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Saturday, February 23, 2013

Egypt faced new anti-government protests on Friday

Egypt's anti-government protests

Egypt faced on Friday, 22 February 2013, a few anti-government protests nationwide with the sit-in still continuing in Cairo in front of the Presidential Palace.

The demonstration against the Muslim Brotherhood’s and Mohamed Morsy’s rule has been planned by the country’s oppositional and revolutionary forces before with several political parties, groups and organizations planning to attend the rallies. Those parties and groups include Arab Revolution Youth Movement, April 6th Youth Movement, Revolutionary Youth Coalition, Constitution Party and especially it’s youth members, Free Front for Peaceful Change and others.

The demonstrations started in Egypt’s capital Cairo after Friday noon prayers and headed from several downtown districts to Cairo’s Tahrir Square and Presidential Palace in Heliopolis, where the oppositional sit-in still continues.



Hundreds of demonstrators protested against the so called “Brotherhoodisation” of Egypt in front of the Presidential Palace claiming Muslim Brotherhood and the President, who hails from its ranks, are trying to usurp the power in the country controlling all the governmental bodies. They also accused Muslim Brotherhood of the “crimes against Egyptians” referring to the deteriorating economical, political and social situation in the country, insecurity and injustice and oppression of the oppositional and revolutionary forces. It’s worth mentioning that the military trials imposed on civilians haven’t been stopped during the Morsy’s rule, and even since the beginning of the protests and clashes commemorating the anniversary of Egypt’s January 25 Revolution hundreds of people have been arrested and detained, with some of them also tortured and allegedly killed.

Egyptians protesting against the current regime
The Protesters thus demand that Mohamed Morsy and his political power to be held accountable for all those crimes. Some of the demonstrators call for Morsy to step down.
There have been also the protests in front of the building of Cairo’s Hugh Court with the protesters demanding the dismissal of the current Prosecutor General appointed by Morsy and the immediate release of all political prisoners.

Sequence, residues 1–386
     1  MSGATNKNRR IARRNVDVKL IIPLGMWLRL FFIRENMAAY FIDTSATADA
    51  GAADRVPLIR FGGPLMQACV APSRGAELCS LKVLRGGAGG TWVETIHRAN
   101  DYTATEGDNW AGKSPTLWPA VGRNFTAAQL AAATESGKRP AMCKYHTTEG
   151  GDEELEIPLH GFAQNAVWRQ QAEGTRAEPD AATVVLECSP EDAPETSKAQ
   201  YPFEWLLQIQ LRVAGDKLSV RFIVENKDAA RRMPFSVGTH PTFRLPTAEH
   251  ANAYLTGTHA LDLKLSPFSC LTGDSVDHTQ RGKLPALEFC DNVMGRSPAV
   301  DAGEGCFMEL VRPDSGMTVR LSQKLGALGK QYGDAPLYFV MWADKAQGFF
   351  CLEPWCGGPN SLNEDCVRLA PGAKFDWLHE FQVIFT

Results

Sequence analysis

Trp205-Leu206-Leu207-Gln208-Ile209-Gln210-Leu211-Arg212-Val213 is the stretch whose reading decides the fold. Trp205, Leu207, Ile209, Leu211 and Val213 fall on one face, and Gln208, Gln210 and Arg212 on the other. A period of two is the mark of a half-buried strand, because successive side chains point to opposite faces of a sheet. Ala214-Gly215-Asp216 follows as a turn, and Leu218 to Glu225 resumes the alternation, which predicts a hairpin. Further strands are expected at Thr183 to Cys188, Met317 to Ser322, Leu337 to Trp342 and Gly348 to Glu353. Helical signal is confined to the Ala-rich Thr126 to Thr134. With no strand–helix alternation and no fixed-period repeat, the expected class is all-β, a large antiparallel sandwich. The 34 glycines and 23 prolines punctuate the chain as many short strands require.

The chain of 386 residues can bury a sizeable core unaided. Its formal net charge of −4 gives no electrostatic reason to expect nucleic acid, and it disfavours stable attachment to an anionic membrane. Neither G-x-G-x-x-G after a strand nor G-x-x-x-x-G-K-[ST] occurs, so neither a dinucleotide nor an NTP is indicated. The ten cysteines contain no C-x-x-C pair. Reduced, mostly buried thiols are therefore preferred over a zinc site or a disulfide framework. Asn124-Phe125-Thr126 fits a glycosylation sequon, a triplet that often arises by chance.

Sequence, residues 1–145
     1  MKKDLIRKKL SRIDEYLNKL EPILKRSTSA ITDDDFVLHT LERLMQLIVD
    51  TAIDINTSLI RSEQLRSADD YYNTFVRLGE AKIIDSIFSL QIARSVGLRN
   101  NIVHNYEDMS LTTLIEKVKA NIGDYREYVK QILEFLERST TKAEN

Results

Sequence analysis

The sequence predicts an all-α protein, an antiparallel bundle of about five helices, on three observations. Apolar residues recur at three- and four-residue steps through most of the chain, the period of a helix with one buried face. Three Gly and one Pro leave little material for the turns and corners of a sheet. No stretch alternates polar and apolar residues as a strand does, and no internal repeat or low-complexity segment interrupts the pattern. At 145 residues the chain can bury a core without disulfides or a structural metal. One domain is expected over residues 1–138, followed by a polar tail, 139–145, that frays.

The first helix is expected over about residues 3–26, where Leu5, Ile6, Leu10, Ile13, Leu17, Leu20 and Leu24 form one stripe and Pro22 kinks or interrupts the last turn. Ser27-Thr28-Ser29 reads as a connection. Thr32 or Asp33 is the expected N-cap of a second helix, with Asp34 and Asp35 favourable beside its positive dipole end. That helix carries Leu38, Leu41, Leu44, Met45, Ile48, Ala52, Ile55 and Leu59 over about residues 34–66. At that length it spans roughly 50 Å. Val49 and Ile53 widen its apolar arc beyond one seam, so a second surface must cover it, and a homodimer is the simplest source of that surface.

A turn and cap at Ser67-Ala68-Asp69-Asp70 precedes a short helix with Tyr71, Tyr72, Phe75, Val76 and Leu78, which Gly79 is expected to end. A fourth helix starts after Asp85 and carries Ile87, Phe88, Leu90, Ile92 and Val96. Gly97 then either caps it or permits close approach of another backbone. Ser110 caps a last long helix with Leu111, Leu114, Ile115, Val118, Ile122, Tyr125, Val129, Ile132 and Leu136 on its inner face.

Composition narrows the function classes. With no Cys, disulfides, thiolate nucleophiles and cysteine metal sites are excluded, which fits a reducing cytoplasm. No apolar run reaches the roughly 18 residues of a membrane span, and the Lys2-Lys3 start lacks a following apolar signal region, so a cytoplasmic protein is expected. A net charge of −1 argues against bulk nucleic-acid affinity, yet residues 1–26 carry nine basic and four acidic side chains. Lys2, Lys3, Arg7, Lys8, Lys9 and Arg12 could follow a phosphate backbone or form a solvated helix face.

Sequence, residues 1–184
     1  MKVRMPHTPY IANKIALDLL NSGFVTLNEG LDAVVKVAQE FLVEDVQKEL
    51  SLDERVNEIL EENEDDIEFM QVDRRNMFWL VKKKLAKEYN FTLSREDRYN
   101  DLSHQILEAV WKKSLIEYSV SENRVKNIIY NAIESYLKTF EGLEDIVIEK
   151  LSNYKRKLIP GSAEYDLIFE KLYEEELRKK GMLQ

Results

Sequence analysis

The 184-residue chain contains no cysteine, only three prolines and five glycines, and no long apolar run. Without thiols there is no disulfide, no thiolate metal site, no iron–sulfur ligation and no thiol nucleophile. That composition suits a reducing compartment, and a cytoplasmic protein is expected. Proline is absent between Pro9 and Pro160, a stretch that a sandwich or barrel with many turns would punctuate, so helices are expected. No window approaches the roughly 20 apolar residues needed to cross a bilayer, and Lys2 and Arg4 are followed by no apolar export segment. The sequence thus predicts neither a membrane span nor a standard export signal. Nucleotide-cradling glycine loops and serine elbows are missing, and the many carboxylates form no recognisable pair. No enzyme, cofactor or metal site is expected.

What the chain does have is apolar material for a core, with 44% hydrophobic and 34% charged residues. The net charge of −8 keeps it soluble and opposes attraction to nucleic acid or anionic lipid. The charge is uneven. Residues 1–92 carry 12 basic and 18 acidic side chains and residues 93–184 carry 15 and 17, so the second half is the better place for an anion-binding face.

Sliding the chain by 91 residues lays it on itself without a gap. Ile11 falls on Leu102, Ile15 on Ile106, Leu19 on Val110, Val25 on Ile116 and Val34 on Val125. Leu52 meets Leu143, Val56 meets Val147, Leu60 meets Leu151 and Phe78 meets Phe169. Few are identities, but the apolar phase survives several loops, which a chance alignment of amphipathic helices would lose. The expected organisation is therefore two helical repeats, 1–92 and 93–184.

Some clashes took place during the protests as the people have been throwing the stones, so the Central Security Forces have been responding to them trying to disperse the crowd with the water.

The protests and civil disobedience action continue also in Egypt’s Canal cities (Port Said, Suez, Ismailiya) where the state of emergency and curfew has been imposed by the government. Canal cities protests against the rule of the current government and against the long times neglecting of this region and its problems.

Egypt’s Port Said has also faced bloody clashes at 26 January after the trial verdict in the case of terrible football tragedy happened last year as several local fans have been convicted and received death penalty verdict. People in Port Said are demanding the dismissal of the Prosecutor General and call also for appointing the new independent investigation’s team in the case of Port Said football massacre.
Protests in Egypt

Meanwhile Egypt’s coastal city of Alexandria faced relatively modest protests as a lot of political parties and groups announced their withdrawal from the demonstrations after some protesters have been chanting for the military rule and called Egypt’s military to intervene in order to resolve the current political crisis in the country.

Thus after Egypt’s President has announced the date of the upcoming parliamentary elections and the Shura Council (Parliament’s Upper House) declared the amendments will be imposed on the electoral law, the protests still continue in the country, and the situation remains tense.